If you ever read reviews or scour brands' websites looking at new bikes you'll have come across references to frame angles and trail, but what difference do they make to a particular model's character and behaviour?
Here's how to make sense of them...
Seat tube angle
A bike's seat tube angle – often called 'seat angle' – is simply the angle between the horizontal and a line that starts at the bottom bracket and goes up through the seat tube.
Like stack and reach, seat tube angle refers solely to the frame. It doesn't take into account a seatpost's layback (the position of the clamp in relation to the centre of the seatpost) or whether the saddle is pushed forward or backward on its rails. These factors, along with the amount of seatpost extending out of the frame, mean that saddle position can differ significantly between bikes with exactly the same seat tube angle.
The seat tube angle influences but does not define saddle setback, which is the horizontal distance between the front of the saddle and the centre of the bottom bracket.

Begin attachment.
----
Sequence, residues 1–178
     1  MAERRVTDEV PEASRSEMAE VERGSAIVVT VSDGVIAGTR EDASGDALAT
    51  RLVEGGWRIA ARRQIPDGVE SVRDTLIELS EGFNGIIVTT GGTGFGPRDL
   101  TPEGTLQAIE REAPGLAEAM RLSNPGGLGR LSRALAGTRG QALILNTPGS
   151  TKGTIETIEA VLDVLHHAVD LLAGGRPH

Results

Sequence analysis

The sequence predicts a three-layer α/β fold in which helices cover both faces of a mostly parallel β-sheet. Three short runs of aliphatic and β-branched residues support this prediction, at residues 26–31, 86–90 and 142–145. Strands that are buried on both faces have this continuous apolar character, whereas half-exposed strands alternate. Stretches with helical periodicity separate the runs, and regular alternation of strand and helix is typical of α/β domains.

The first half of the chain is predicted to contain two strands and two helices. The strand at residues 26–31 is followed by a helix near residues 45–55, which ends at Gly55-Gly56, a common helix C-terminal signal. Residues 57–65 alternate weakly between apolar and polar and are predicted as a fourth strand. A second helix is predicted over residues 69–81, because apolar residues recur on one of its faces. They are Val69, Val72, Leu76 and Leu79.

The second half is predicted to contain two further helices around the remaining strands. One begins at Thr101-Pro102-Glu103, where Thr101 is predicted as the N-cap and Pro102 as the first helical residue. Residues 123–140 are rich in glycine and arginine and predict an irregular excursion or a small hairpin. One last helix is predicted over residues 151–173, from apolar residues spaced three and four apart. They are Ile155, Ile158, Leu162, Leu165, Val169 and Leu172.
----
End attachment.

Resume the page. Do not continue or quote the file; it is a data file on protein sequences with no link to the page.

Stack and reach don't take seat tube angle into account, which is one of the reasons why we cautioned that these measurements, although useful, don't give the whole story. Stack and reach tell you about the position of the top of the head tube in relation to the bottom bracket (Canyon has also introduced stack + and reach + which we cover in our feature on stack and reach; these measurements are very different). Two bikes could have identical stack and reach measurements but fit quite differently because of different seat tube angles.